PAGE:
GRAPE-6A: A single-card GRAPE-6 for parallel PC-GRAPE cluster system

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    In this paper, we describe the design and performance of GRAPE-6A, a special-purpose computer for gravitational many-body simulations. It was designed to be used with a PC cluster, in which each node has one GRAPE-6A. Such configuration is particularly effective in running parallel tree algorithm. Though the use of parallel tree algorithm was possible with the original GRAPE-6 hardware, it was not very cost-effective since a single GRAPE-6 board was still too fast and too expensive. Therefore, we designed GRAPE-6A as a single PCI card to minimize the reproduction cost and optimize the computing speed. The peak performance is 130 Gflops for one GRAPE-6A board and 3.1 Tflops for our 24 node cluster. We describe the implementation of the tree, TreePM and individual timestep algorithms on both a single GRAPE-6A system and GRAPE-6A cluster. Using the tree algorithm on our 16-node GRAPE-6A system, we can complete a collisionless simulation with 100 million particles (8000 steps) within 10 days.Comment: submitted to PAS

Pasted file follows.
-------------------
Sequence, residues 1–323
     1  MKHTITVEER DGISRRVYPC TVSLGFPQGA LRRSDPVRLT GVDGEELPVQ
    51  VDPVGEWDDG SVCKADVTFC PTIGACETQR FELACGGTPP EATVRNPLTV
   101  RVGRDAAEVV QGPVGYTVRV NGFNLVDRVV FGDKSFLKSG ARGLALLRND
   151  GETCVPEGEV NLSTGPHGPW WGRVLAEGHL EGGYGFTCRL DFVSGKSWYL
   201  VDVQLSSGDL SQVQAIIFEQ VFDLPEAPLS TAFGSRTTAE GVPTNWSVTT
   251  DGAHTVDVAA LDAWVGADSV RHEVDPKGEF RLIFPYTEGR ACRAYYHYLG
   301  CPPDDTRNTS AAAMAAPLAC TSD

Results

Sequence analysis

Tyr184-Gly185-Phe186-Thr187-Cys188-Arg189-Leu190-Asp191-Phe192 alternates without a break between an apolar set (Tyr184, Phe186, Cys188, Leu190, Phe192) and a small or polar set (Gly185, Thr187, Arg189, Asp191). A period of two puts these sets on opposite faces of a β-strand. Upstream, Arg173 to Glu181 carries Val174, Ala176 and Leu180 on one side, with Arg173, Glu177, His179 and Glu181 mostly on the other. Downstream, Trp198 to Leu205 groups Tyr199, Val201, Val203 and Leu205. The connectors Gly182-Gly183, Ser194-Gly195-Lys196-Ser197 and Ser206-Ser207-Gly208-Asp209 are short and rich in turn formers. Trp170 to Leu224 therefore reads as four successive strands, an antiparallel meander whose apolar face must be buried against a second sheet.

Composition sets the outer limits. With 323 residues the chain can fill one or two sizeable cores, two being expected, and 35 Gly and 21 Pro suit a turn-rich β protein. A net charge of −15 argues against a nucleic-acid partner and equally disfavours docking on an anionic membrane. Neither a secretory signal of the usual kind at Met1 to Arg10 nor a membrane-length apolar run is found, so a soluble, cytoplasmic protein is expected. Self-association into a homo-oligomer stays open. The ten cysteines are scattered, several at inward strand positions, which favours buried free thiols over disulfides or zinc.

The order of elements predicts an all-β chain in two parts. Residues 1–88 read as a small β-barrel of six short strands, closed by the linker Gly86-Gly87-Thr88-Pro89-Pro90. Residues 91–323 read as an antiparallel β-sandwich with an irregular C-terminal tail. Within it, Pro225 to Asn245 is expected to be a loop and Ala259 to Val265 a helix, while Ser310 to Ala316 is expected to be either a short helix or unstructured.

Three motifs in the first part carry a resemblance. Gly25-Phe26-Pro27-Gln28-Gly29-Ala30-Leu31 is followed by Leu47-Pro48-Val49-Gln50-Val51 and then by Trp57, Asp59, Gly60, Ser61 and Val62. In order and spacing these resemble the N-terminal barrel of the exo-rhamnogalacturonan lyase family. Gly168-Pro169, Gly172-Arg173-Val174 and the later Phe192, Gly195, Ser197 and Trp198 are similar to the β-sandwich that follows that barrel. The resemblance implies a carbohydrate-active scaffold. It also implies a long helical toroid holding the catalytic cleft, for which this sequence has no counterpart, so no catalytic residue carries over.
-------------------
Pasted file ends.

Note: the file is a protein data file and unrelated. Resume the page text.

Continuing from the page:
Structure of Dark Matter Halos From Hierarchical Clustering. III. Shallowing of The Inner Cusp

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    We investigate the structure of the dark matter halo formed in the cold dark matter scenarios by N-body simulations with parallel treecode on GRAPE cluster systems. We simulated 8 halos with the mass of 4.4×1014M4.4\times 10^{14}M_{\odot} to 1.6×1015M1.6\times 10^{15}M_{\odot} in the SCDM and LCDM model using up to 30 million particles. With the resolution of our simulations, the density profile is reliable down to 0.2 percent of the virial radius. Our results show that the slope of inner cusp within 1 percent virial radius is shallower than -1.5, and the radius where the shallowing starts exhibits run-to-run variation, which means the innermost profile is not universal.Comment: 26 pages, 16 fugures, submitted to Ap

    High Subsidence Rate After Primary Total Hip Arthroplasty Using a Zweymüller-type Noncemented Implant With a Matte Surface